Thanks to Amazon, here is Tom Rath’s interview of Jeffrey Pfeffer whose latest book, Leadership BS: Fixing Workplaces and Careers One Truth at a Time, was published by HarperBusiness (September 2015).
Tom Rath: How would you characterize the current relationship between employees, leaders, and companies?
Jeffrey Pfeffer: Everyone is, and probably should be, out for themselves. CEO salaries have soared as a multiple of average employees’ pay, and when combined with enormous severance packages, is essentially untethered from corporate performance. Employers lay off people and cut benefits at the drop of a hat. Research I did with Peter Belmi shows that the norm of reciprocity operates with much less force inside workplaces. And employees are, naturally enough, distrustful, fearful, and as Gallup data make clear, frequently disengaged.
TR: What role should leaders play in improving workers’ careers and lives?
JP: Joel Goh, Stefanos Zenios, and I show that many management practices have health effects as harmful as second-hand smoke and that together workplace exposures result in about 120,000 excess deaths annually just in the U.S. If one is interested in well-being, as I know from your many writings you are, then leaders should be held accountable for their effects on people’s physical and mental health and their well-being. Profits are important, but so, too, are people and their lives.
TR: Of all the leadership myths you tackle in this book, which piece of conventional wisdom is causing the most damage in the modern workplace?
JP: That’s a tough one, because it depends on what damage you are talking about—damage to people’s careers or to the well-being of employees. So I will provide two answers. The conventional wisdom that people should be ‘authentic’ is extremely career-limiting, because it says to people, ‘be yourself’. But people need to be what the situation, and those they are with and responsible for, need them to be, not what they feel like being at the moment. People who express their ‘authentic’ feelings to their bosses, in particular, may soon find themselves out of a job.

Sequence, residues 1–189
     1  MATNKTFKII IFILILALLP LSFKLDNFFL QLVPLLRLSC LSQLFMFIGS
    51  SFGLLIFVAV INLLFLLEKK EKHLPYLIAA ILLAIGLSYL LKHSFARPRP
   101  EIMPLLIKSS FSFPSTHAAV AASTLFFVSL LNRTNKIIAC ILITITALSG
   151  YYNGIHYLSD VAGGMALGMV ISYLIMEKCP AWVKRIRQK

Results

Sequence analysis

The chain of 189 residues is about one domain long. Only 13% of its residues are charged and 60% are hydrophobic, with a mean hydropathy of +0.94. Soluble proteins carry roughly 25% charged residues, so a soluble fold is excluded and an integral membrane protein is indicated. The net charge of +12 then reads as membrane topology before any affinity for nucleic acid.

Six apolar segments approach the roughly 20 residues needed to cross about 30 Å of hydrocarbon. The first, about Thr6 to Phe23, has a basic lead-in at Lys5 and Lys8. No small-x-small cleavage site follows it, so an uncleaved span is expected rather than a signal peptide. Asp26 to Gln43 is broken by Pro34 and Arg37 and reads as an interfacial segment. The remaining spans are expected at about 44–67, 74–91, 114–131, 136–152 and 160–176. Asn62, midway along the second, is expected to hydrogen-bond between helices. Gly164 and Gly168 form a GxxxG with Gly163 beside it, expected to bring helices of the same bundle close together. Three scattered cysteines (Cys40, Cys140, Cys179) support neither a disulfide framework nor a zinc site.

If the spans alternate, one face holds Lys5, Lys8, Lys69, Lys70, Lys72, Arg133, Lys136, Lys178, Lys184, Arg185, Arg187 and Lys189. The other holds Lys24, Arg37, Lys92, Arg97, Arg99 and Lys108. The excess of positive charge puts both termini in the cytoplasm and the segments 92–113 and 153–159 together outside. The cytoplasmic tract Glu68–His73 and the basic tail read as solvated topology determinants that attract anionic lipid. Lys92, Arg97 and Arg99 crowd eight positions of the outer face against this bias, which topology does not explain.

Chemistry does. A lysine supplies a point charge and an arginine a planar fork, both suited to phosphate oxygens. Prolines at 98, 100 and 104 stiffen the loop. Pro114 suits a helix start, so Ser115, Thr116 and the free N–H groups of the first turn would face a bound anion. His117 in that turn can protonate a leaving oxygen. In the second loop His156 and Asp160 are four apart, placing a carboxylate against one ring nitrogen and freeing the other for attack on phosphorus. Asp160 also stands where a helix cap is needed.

The other piece of conventional wisdom that is harmful is the idea that we ought to be assessing leadership development activities through happy sheets or smiley-face sheets, those ubiquitous surveys. I did a Fortune column on why consumer ratings are essentially unreliable and invalid, and the leadership domain is yet another place where this is true.
TR: Should some high achievers opt out of leadership roles for their own (and the greater) good?
JP: Absolutely. In my last book, Power: Why Some People Have It and Others Don’t, I talked about the high price in terms of long hours and constant public scrutiny, among other things, that leaders often paid. Not everyone will want to, nor should they, pay the price of always being in the limelight and under pressure to perform.
And there are many exceptionally talented people who lack the concern for other human beings and their well-being that make them good stewards of other people’s lives. So certainly there would be benefits to their opting out of leadership roles. However, I am not naïve enough to believe that many people voluntarily abjure power, regardless of the consequences for other human beings.
TR: Are there things we can do to identify and develop better leaders early on in their careers?
JP: For sure. I believe that power and leadership are inextricably connected—you cannot be a leader without having power and understanding power dynamics. Therefore, training aspiring leaders in the principles of power and influence is a great way to start. And one of the qualities I would look for in an aspiring leader is if the individual is psychologically tough enough to handle not being liked and the responsibilities that come with power.
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To learn more about Jeff and his work, please click here.
To learn more about Tom and his work, please click here.